"He was a strange fellow," Burns goes on without missing a beat. He took a shot at a doctor once--the one who Norma ran away with. And he missed the doctor and hit a gardener two blocks away. The gardener took Jessel to court. And the judge asked him, 'Mr. Jessel, how can you aim at a doctor and hit a gardener two blocks away?' And Jessel replied, 'Your honor, I'm an actor, not Buffalo Bill.' "
Although they liked each other, there was a running feud between Burns and Groucho that revealed itself in various comic ways. Burns' favorite dish was sea bass and he always ordered it when he was having lunch at the Round Table. But every time Burns ordered sea bass in front of Groucho, who wasn't averse to making a corny pun if he thought he could get a laugh from the group, would start to sing in a loud voice, "If you can't sea bass every night, you can't see mama at all," a parody of the famous Sophie Tucker lyric, "You've got to see mama every night, or you can't see mama at all."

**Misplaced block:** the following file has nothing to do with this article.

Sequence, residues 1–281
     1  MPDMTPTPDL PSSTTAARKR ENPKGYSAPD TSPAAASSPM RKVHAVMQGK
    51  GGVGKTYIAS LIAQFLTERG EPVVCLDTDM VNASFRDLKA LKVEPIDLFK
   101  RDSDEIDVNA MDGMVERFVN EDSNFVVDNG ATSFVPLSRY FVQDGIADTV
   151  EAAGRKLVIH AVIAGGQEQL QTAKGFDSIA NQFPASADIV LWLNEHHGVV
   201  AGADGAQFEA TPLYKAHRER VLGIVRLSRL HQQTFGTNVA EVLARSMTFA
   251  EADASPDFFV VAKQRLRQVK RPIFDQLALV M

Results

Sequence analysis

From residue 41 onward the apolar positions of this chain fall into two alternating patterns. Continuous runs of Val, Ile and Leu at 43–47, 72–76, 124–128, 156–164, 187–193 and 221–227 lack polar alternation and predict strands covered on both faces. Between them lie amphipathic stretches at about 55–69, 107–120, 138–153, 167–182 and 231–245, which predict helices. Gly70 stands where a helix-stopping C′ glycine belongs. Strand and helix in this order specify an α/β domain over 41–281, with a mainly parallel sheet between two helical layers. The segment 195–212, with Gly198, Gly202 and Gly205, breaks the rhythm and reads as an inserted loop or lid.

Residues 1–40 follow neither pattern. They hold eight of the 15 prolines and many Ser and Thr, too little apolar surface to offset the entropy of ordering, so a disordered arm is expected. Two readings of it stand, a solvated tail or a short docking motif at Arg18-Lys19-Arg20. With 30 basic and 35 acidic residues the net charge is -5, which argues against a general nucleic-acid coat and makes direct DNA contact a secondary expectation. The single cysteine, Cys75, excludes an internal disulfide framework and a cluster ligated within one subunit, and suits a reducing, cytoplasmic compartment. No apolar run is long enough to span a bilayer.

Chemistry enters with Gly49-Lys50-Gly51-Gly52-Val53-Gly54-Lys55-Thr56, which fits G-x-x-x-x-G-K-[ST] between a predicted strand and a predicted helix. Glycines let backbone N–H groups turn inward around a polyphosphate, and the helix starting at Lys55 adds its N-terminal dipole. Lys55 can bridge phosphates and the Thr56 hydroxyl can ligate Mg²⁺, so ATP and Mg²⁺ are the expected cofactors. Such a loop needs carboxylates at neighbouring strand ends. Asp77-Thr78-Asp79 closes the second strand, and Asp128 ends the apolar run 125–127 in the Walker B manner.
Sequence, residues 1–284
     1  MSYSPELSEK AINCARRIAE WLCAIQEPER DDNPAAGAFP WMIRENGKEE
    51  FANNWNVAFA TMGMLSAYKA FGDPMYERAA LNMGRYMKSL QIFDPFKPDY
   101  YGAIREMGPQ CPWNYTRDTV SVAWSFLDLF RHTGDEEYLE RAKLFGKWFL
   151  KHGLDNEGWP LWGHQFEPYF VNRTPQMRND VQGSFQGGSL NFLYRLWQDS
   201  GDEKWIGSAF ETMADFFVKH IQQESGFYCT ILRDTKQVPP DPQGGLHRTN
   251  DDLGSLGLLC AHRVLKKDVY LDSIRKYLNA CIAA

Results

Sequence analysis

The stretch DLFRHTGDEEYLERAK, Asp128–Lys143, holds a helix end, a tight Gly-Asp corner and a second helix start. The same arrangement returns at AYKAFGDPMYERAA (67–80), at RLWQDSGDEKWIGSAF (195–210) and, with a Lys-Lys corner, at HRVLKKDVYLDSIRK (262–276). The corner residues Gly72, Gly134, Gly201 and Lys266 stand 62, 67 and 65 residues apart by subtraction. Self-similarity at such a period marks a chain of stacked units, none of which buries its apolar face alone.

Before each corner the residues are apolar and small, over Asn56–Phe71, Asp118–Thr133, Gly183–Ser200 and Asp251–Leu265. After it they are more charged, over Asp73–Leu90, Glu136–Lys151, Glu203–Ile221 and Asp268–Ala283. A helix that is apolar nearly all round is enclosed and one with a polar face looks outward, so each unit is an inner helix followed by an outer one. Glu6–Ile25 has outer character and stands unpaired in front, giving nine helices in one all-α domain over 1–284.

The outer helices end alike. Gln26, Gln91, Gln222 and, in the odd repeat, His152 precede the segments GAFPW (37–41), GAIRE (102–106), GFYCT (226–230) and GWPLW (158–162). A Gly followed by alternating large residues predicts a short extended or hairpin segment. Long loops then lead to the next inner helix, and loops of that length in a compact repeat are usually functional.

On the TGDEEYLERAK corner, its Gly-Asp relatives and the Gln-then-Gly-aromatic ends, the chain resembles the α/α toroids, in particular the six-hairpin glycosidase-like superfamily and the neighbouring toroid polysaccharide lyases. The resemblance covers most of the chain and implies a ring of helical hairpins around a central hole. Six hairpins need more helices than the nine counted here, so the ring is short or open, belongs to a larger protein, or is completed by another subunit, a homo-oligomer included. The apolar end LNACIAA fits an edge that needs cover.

Burns thought it was funny the first time Groucho sang it and mildly funny the next time. But after Groucho kept it up every day for a month, Burns finally stopped ordering sea bass. He figured it was the only way to stop Groucho, who, once he latched onto a gag, loved to keep repeating it to bug his victim. "But I liked sea bass a little better than I liked your father," says Burns, "so one day at lunch I called the waiter over and whispered into his ear, 'bring me some sea bass.' And the waiter whispered back to me, 'if you can't sea bass every night, you can't see mama at all.' "
At a party one night, Burns and Groucho got into a discussion about who was the funniest comedian in history. Burns said Charlie Chaplin. Groucho said, "I think I am." Whereupon Burns shot back, "Well, if you think you're the funniest, then I must be, because I know I'm funnier than you." Groucho didn't talk to him for a month.